Join the BSC PG mailing list

Hello everyone

We’re trying to help facilitate regular and meaningful communication within the postgraduate criminology community, but understand social media may not be everyone’s preferred choice.  If you would like to receive information from our new Jiscmail account, please use the following link: www.jiscmail.ac.uk/BSC-POSTGRADUATES

If you haven’t used it before or are unsure about what it is, Jiscmail is a place where you can subscribe to mailing lists from different organisations.  To subscribe to our list you can either use your existing Jiscmail account (if you have one), set up a new account (if you don’t), or use your institutional log in.

With best wishes

Claire, Nicola and Sarah

PhD Blog – Vulnerability in Police Custody: Implementing the Appropriate Adult Safeguard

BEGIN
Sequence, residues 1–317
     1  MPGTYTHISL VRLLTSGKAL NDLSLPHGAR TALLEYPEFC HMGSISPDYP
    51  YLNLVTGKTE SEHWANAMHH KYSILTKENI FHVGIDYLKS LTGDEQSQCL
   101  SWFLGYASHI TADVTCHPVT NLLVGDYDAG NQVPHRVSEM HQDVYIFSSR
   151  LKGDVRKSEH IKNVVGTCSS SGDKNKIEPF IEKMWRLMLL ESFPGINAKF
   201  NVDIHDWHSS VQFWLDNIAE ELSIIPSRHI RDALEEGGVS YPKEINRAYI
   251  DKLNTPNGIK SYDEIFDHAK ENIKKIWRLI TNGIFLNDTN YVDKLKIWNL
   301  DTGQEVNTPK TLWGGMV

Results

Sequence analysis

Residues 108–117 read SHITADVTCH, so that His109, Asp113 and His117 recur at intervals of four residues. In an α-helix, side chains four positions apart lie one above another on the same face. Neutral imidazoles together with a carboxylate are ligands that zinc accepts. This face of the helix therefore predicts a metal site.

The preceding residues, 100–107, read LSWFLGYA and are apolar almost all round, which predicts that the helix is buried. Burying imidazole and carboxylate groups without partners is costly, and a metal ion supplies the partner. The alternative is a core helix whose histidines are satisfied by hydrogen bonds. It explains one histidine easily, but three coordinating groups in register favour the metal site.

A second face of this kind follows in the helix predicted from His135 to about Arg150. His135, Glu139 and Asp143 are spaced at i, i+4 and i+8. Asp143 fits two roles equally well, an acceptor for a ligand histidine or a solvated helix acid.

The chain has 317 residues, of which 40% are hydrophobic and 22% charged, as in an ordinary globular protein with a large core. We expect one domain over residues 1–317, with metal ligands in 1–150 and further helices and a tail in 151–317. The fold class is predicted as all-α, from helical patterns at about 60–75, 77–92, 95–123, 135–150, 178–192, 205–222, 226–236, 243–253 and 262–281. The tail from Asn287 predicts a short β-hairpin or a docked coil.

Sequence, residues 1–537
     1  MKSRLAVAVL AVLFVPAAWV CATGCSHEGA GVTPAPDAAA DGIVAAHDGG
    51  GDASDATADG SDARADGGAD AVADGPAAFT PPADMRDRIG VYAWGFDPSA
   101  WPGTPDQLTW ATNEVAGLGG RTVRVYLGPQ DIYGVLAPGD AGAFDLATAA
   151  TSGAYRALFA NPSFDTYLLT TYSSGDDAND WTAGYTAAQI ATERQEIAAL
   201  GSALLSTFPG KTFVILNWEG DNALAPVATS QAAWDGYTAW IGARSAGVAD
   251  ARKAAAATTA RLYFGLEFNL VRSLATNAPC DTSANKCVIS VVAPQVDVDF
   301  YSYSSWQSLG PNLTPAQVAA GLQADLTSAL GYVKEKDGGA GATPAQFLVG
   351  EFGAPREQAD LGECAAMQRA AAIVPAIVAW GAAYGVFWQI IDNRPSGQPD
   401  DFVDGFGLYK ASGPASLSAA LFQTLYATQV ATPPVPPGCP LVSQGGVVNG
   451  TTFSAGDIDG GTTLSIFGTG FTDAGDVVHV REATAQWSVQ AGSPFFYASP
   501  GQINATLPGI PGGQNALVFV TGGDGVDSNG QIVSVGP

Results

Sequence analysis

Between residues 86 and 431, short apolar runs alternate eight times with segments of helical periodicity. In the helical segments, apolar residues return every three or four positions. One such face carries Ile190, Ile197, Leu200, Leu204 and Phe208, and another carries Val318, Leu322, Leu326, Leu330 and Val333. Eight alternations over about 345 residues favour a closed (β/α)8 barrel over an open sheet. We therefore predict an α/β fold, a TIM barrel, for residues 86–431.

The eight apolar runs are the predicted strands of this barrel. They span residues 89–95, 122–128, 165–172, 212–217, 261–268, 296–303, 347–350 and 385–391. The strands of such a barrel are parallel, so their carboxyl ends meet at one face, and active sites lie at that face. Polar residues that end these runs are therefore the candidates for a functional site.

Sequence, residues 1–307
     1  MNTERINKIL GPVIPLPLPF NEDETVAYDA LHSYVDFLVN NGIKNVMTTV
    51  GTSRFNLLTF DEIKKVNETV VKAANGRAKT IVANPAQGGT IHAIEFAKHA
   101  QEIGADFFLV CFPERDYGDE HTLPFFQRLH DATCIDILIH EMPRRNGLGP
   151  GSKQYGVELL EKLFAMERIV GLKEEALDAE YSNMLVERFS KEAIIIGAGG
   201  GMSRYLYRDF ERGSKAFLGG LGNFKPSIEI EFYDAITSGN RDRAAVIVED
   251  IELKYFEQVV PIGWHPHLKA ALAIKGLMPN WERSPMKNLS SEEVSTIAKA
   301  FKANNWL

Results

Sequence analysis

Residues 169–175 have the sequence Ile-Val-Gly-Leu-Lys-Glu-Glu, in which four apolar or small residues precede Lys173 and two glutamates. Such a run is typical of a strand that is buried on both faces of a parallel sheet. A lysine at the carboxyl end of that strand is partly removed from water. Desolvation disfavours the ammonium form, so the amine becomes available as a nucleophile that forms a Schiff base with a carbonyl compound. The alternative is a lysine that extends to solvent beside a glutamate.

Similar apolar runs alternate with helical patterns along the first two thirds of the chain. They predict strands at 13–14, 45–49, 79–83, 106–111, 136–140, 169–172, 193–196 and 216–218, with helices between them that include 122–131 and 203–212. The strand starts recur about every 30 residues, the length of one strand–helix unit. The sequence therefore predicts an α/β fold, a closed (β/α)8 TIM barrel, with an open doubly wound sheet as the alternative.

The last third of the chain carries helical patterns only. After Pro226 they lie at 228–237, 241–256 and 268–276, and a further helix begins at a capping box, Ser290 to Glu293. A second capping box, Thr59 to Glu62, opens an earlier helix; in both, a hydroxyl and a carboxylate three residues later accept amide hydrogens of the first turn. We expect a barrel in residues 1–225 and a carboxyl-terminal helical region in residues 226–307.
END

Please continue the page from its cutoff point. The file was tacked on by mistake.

This weeks contribution to the PhD blog is from Roxanna Dehaghani.

photo rox

Roxanna is a third year PhD candidate and Graduate Teaching Assistant at Leicester Law School, University of Leicester. She is also currently  a Visiting Scholar at the School of Law, Queen’s University Belfast. Roxanna’s research, funded by the University of Leicester, focuses on the implementation of the appropriate adult safeguard in police custody, namely how an adult suspect comes to be recognised as vulnerable. This includes an examination of how custody officers define and identify vulnerability. Roxanna’s research has involved qualitative research methods, namely non-participant observation in custody and semi-structured interviews with custody officers.

The following blog post gives a brief overview of one of the elements of Roxanna’s doctoral work. If you would like to contact her you can email her roxanna.dehaghani@le.ac.uk or tweet her @roxanna_law.

Vulnerability in Police Custody: Implementing the Appropriate Adult Safeguard